On charity versus welfare

I am attacked:

Tim Worstall asks:

And what the fuck’s wrong with voluntary collective action rather than State enforced collective action?

Answer: charity presupposes a condition in which some people have stuff which they can do without, and some people lack stuff that they really need. This inequality (which, like all inequalities, is morally objectionable on the face of it) is only sustained by the actions of the capitalist state in enforcing property rights through its monopoly on the legitimate use of force. In a more just world, there would be no need for charity because you would not have a situation in which some people have, whilst others need.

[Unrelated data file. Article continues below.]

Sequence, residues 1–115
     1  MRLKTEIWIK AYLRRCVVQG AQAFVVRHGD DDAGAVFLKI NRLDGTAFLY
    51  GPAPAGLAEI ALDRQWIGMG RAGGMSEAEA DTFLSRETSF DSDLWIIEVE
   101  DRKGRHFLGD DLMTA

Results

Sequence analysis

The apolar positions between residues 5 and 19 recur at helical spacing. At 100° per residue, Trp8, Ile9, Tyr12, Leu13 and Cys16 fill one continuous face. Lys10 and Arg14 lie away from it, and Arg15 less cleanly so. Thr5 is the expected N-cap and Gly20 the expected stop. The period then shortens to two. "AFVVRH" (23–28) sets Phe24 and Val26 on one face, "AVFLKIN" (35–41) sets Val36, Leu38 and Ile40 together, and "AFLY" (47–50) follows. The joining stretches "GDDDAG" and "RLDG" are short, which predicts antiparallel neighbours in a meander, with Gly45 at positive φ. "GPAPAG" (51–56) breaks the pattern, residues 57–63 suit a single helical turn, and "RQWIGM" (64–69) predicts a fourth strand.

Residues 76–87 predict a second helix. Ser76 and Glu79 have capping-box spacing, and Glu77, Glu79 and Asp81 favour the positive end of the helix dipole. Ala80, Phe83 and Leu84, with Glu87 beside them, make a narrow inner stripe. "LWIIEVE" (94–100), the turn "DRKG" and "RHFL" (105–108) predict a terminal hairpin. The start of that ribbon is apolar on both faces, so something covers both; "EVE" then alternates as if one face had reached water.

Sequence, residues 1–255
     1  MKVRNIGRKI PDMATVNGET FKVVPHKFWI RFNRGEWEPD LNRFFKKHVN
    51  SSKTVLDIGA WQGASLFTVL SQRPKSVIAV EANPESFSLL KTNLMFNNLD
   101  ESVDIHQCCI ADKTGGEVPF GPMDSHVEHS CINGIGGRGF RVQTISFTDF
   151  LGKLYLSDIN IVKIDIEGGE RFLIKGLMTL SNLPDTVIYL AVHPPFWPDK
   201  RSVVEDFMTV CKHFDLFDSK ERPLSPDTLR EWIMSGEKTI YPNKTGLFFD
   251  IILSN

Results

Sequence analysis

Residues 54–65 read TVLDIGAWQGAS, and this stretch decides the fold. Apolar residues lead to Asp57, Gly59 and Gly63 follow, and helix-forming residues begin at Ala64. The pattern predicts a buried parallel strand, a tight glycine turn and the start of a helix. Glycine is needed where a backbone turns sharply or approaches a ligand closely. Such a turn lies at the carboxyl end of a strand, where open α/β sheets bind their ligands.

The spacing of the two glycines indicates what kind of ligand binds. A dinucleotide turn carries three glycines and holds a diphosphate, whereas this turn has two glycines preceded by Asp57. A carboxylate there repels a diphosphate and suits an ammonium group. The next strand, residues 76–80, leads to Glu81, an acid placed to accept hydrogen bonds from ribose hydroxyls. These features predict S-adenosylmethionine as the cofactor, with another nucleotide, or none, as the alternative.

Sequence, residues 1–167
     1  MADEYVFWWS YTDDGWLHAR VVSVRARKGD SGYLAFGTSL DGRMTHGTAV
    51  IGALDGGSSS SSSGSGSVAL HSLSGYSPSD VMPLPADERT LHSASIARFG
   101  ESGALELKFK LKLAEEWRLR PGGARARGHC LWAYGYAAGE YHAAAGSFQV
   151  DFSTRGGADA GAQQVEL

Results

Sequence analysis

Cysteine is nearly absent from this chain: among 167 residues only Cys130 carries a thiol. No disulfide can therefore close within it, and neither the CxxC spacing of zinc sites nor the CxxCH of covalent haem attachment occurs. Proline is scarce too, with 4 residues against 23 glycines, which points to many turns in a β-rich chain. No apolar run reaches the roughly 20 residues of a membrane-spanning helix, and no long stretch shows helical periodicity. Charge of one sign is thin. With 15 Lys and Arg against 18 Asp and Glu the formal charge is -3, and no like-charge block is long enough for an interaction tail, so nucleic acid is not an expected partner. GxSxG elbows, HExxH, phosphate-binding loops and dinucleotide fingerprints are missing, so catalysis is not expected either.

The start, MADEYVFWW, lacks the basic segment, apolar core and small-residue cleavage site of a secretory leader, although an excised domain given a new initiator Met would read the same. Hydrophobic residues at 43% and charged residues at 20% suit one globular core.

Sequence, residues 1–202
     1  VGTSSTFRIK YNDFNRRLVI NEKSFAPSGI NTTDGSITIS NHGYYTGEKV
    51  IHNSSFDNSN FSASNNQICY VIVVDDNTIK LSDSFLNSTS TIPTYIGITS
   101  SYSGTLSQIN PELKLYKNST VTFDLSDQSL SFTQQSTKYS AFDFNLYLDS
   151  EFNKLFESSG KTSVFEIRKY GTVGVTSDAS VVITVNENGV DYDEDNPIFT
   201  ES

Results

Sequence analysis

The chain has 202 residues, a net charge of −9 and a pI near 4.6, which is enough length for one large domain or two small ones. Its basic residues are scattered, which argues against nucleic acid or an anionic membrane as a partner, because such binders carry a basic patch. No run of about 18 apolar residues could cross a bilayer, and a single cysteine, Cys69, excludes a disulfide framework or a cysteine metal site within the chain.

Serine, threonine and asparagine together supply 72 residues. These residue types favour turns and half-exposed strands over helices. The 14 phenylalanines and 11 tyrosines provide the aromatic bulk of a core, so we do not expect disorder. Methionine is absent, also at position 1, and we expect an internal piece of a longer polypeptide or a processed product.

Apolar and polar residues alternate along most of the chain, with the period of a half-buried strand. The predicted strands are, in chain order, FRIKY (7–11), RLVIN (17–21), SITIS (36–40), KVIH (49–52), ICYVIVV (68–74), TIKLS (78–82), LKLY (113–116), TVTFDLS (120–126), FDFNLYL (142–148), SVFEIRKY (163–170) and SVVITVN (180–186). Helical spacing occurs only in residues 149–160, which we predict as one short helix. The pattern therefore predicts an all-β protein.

That’s interesting. All inequality is immoral? That I have an IQ above my shoe size while Polly T might well not is immoral?

Aside from this obvious point, I honestly don’t see any moral difference between a spontaneous, voluntary urge to do good on the part of certain individuals, and a reflective, truly collective urge to do good as manifest in a legal requirement to provide support to those in need through the existing system of taxation and welfare.

And that’s even more interesting, isn’t it? There’s no moral difference between the actions of an individual unforced and the forced actions of the same individual? Forced by the monopoly on violence of the State?